2010 has been a banner year for Roberta L. Klatzky, APS Treasurer and Professor of Psychology and Human-Computer Interaction at Carnegie Mellon University: She has received both a Humboldt Research Award and the Kurt Koffka Medal.
The Humboldt Research Award, given by the Alexander von Humboldt Foundation, recognizes a lifetime of achievement, honoring internationally recognized researchers who have produced “fundamental discoveries, new theories, or insights” and who are expected to continue generating superior research in future. The award comes with a €60,000 prize (just over $73,000) and the opportunity to spend up to a year working on a research project with scientists in Germany. Up to 100 Humboldt Research Awards are awarded each year. Klatzky was nominated for this award by Martin Buss, a human and robot interaction researcher. She plans to spend her time in Germany at Buss’ lab at the Technical University of Munich. Together, their work will confront “important technical problems about how a robot can ‘read’ the responses of humans and respond to them on the fly,” said Klatzky. “On the human side, interesting questions arise about what sensory signals make the interactions seem inter-personal.”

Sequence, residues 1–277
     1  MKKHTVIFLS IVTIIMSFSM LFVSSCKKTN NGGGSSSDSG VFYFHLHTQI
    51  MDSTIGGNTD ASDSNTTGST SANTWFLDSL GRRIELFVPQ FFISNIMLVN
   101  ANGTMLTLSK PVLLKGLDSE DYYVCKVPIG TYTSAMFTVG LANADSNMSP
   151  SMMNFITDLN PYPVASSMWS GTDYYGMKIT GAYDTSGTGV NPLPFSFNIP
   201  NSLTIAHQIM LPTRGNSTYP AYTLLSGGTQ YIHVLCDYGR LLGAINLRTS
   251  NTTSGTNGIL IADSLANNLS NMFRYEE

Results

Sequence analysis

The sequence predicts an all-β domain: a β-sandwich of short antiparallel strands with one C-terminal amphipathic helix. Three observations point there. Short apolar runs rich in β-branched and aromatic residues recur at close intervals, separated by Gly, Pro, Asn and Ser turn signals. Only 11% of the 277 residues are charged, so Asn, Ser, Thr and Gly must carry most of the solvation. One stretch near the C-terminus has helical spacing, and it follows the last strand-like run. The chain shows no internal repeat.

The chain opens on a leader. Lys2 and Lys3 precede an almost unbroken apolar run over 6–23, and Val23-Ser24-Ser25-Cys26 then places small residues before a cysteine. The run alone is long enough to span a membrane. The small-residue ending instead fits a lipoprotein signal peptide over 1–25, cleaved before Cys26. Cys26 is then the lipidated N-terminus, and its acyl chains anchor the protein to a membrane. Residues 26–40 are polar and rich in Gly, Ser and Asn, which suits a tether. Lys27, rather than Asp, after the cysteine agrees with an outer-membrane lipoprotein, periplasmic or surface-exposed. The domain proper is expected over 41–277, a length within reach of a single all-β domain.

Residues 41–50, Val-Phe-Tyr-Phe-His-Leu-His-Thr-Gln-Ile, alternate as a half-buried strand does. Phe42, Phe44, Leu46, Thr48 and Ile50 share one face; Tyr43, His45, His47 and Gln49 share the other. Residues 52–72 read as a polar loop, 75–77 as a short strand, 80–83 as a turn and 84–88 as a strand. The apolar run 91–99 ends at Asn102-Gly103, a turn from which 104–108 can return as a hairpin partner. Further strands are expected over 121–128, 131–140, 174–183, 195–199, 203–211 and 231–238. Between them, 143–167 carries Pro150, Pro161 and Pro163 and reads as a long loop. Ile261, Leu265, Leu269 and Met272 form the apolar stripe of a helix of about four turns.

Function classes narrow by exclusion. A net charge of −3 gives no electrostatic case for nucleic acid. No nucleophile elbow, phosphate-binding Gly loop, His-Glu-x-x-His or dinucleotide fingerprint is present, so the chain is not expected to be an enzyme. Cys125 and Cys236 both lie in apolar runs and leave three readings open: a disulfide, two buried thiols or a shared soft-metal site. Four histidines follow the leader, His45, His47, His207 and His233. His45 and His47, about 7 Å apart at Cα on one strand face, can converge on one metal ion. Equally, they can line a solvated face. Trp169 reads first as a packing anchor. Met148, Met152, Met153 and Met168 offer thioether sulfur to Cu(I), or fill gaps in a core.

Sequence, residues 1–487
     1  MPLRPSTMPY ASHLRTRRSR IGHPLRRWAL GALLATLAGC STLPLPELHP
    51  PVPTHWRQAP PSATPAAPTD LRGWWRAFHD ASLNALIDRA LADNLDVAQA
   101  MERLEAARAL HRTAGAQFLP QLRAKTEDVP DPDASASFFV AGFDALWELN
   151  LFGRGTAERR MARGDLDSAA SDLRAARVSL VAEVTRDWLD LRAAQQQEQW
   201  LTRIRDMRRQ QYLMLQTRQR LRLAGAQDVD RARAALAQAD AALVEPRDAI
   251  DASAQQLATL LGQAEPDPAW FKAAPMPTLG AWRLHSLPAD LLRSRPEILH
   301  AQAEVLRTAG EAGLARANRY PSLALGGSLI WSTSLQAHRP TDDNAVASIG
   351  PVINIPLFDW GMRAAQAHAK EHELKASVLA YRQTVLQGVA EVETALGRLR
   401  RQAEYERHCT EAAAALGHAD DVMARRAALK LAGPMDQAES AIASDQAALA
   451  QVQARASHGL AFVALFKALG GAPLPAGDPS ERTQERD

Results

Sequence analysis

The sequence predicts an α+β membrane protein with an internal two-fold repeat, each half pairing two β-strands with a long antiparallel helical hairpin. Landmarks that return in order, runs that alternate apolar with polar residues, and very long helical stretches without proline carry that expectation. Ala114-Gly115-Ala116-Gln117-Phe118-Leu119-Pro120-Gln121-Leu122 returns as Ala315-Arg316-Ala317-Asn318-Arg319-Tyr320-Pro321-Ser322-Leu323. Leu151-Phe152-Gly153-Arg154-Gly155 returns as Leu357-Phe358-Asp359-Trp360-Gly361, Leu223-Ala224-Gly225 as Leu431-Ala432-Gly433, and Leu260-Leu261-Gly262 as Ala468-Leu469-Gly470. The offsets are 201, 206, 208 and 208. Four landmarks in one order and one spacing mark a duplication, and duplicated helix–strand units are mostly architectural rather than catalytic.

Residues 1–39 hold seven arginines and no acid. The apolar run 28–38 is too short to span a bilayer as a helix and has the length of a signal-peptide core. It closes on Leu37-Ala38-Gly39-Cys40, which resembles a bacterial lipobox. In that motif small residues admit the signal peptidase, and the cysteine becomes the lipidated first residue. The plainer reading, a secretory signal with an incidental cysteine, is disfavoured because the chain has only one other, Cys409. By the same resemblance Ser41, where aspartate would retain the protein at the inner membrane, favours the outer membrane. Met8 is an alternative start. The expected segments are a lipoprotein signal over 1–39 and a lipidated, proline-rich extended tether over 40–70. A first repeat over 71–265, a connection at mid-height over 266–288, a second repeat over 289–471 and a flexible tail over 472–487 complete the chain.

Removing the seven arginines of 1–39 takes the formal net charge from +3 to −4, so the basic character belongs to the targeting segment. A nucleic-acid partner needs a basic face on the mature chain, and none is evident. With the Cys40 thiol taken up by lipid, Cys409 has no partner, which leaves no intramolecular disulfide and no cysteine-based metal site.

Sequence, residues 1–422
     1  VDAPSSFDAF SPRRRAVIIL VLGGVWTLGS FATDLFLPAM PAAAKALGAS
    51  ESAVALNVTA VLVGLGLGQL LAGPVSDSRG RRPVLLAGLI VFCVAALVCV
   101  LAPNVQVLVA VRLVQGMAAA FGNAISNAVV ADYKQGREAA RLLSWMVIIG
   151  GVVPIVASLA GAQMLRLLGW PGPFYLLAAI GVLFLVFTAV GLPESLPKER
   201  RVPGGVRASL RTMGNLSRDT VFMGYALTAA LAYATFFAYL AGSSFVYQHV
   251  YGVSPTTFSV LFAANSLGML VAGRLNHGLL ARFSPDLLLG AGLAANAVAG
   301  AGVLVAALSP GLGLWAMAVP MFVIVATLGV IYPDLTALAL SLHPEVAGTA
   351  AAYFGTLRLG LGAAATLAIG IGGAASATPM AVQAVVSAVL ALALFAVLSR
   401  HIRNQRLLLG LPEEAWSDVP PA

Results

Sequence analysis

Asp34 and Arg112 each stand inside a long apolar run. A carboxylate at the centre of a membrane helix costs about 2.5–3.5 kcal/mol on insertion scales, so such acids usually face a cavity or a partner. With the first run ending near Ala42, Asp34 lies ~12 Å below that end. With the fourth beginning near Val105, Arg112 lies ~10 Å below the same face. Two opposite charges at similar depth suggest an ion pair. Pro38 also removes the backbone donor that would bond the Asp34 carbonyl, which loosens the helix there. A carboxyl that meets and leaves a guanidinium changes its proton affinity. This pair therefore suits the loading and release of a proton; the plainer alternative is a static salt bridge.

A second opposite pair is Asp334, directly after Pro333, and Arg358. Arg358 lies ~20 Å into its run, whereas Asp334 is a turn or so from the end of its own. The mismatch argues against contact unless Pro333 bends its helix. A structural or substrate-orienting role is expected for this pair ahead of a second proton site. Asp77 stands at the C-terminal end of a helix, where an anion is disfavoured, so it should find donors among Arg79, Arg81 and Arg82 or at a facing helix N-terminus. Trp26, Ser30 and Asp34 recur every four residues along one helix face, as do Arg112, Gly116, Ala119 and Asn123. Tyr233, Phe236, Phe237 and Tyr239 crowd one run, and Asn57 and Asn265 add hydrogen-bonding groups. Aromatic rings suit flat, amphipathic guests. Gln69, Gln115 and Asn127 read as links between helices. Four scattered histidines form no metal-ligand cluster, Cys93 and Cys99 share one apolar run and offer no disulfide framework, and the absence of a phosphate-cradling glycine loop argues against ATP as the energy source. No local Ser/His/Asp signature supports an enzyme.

Klatzky was also awarded the Kurt Koffka Medal by Justus-Liebig-University of Giessen, for her renowned research in the field of perception and action. This award was especially exciting for Klatzky because it pays tribute to Kurt Koffka’s research in Gestalt psychology. “I am receiving an award named after a pioneer in perceptual psychology, whose ideas I read about as a student…the work of the Gestalt psychologists, Koffka among them, is still very relevant, and their early theories form the basis for contemporary work on mechanisms of ‘middle level’ vision,” she said.
Klatzky’s award-winning research interests include human perception and cognition, with a specific focus on human haptic (or sense of touch) and visual object recognition; navigation under visual and nonvisual guidance; and perceptually guided action. Her work has been applied to navigation aids for the blind, haptic interfaces, robotics, and virtual environments.
Klatzky generously extends the honor of this award to her collaborators over the years, particularly Jack Loomis and Susan Lederman. “Looking back on my research,” says Klatzky, “it seems that I have been lucky to find interesting problems that lend themselves to application, along with talented and hard-working people to share them. That approach will frame my future work as well.”
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